What foods should I watch out for?

Every food contains potentially allergenic proteins, but some are more likely to cause an allergic reaction than others. In general, the top eight foods that are more frequent causes of allergy are peanuts, tree nuts, shellfish, fish, eggs, milk, wheat, and soy. Children under the age of 5 are more vulnerable to the development of food allergies because of their immature immune and digestive systems. Cow’s milk proteins, egg proteins (especially ovalbumin), and peanuts are the most common foods causing type I hypersensitivity in children. Although there are many more food allergens, the top eight account for approximately 90% of food allergies.Source

In addition to the top 8, you might suspect: any food that a family member is allergic to, a food that mom recently ate a large amount of, a new food (if baby’s symptoms are new), a food that mom doesn’t like, but is eating while breastfeeding (and/or ate while pregnant) for the benefit of her baby, a food that mom craves, or feels she has to have after a bad day.

How do I figure out what my baby is allergic to?
The best way to diagnose an infant’s food allergies/sensitivities is through elimination of the suspected food from mom’s diet. Skin prick and blood tests can be done on infants, but are rarely conclusive at this age. The majority of babies who present with food allergies while being exclusively breastfed have a simple cows milk protein allergy, so that is a good place to start. Egg,soy, and wheat allergies often present as well, so if cow’s milk alone isn’t the problem, these are the next most likely suspects. Unfortunately, it can take several weeks to see a significant improvement once a food is eliminated, although some babies do improve significantly within a few days. In lieu of (or in addition to) eliminating the suspected allergens, it is a good idea to keep a detailed food journal, and record any symptoms or responses your baby has.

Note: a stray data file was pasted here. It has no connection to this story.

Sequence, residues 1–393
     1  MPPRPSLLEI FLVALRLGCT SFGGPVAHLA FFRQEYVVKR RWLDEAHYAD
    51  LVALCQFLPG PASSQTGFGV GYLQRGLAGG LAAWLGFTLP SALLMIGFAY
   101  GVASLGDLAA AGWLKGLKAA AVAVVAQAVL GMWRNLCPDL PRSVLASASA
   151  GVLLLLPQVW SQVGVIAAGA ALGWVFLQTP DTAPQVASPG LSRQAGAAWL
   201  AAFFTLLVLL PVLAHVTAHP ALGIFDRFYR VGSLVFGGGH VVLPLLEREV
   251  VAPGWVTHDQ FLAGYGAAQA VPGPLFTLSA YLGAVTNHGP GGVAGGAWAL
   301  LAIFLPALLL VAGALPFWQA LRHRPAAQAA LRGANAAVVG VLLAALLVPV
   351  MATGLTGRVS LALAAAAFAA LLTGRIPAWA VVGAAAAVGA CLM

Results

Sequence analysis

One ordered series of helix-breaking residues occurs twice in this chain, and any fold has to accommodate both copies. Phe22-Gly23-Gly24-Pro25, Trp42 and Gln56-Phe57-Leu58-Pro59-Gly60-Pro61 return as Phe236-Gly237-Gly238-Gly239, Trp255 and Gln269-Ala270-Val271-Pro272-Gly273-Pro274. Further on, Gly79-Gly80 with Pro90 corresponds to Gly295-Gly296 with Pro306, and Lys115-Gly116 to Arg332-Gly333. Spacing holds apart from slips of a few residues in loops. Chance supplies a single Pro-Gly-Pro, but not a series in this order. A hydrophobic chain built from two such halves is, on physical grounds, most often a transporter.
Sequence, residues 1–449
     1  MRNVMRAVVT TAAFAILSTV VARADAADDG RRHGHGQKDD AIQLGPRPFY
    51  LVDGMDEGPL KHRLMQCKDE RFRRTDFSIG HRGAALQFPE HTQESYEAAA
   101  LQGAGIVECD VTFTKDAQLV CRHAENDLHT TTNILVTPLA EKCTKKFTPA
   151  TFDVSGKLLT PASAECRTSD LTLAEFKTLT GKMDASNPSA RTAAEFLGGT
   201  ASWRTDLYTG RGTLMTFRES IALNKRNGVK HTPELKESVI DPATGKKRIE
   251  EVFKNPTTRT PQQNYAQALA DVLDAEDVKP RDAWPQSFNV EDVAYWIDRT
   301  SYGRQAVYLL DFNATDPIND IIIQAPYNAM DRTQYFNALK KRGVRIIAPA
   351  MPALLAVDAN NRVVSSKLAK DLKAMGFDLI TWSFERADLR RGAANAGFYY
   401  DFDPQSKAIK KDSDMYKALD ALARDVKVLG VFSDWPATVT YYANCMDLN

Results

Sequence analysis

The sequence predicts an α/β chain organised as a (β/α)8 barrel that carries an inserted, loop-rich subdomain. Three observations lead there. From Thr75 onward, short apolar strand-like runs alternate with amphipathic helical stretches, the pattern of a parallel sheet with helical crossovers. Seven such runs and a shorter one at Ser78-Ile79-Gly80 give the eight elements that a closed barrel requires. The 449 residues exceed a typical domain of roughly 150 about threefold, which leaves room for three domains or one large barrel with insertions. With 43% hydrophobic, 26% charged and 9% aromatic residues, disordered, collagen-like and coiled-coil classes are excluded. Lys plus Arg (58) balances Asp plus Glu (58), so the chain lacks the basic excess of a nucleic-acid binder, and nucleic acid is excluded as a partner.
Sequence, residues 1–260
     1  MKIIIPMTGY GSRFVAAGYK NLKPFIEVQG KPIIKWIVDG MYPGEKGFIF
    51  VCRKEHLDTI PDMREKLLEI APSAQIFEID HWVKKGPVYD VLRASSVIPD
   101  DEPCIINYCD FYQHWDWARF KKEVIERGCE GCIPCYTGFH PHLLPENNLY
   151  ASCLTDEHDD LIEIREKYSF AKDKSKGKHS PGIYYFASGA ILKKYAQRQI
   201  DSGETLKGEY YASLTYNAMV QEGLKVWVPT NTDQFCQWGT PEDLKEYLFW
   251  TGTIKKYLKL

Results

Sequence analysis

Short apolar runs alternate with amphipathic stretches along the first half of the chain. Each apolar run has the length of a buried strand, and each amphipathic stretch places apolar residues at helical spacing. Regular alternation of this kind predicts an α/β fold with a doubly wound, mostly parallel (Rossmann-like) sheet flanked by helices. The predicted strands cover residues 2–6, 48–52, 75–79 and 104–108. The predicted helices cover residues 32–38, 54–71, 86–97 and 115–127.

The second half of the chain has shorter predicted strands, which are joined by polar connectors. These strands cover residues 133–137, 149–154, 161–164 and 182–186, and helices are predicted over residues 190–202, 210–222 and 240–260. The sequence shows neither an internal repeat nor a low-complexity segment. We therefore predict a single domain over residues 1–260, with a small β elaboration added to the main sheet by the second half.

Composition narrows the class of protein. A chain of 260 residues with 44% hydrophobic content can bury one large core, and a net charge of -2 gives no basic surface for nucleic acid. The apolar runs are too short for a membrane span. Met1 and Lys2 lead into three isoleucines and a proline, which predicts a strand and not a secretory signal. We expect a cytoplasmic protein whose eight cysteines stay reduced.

Aurora is following in big brother’s footsteps.

Because we are dealing with so many allergies in my children, I elected to do an Allergy Elimination Diet. I removed all foods except for a handful that are usually non-reactive for several weeks, and then slowly (1 food a week on average) added new foods back in to my diet. It is a very difficult thing to do, and requires a lot of determination, will power and support. It can be very discouraging as well, because you feel like you are basically starving yourself and improvement is so slow. In fact, I have realized that I don’t really notice that things have been getting better until I introduce a food that causes a significant negative reaction. We did do blood testing and skin testing (twice) on Jonathan, but everything was negative.

For the record, we determined that Jonathan was allergic to or intolerant of: all grains and seeds, legumes (including peanuts), dairy, eggs, soy, berries, mushrooms, citrus, pineapple, and tomatoes. Aurora is still a bit of a puzzle, but we believe she is having negative reactions to coconut, sweet potatoes, green beans, white potatoes, asparagus, and okra. As a family, we eat a full Paleo diet, with the autoimmune/GAPS protocol. (Benjamin eats some grains and dairy for lunch.) As hard as this journey has been for us, I am the healthiest I have ever been- I lost 50 pounds in Jonathan’s first year, and feel great.

If you’d like to look back on some of the posts I wrote while we in the midst of first learning about food allergies and trying to help my hurting babies, here you go!
Hurting Hearts
“Those who plant in tears will harvest with shouts of joy” Ps. 126:5
Where we are now
Two Steps Forward…
Seagull Part 2
How I love this little boy
Allergist Update
Heather to Allergist

In Part 2, I will go into more detail on how you can identify in your baby’s food allergies, specifically looking more in depth at the Allergy Elimination Diet. Part 3 will deal with the common food allergens, and how you can spot them on a label and substitute for them. Part 4 will be a discussion of the Paleo Diet and the GAPS protocol (with a fun discussion on leaky gut). Part 5 will talk about how to introduce solids safely to an allergic baby, and Part 6 will be a compilation of some of my favorite resources that have helped me on this journey. I am open to continuing the series past that, if you have any specific questions.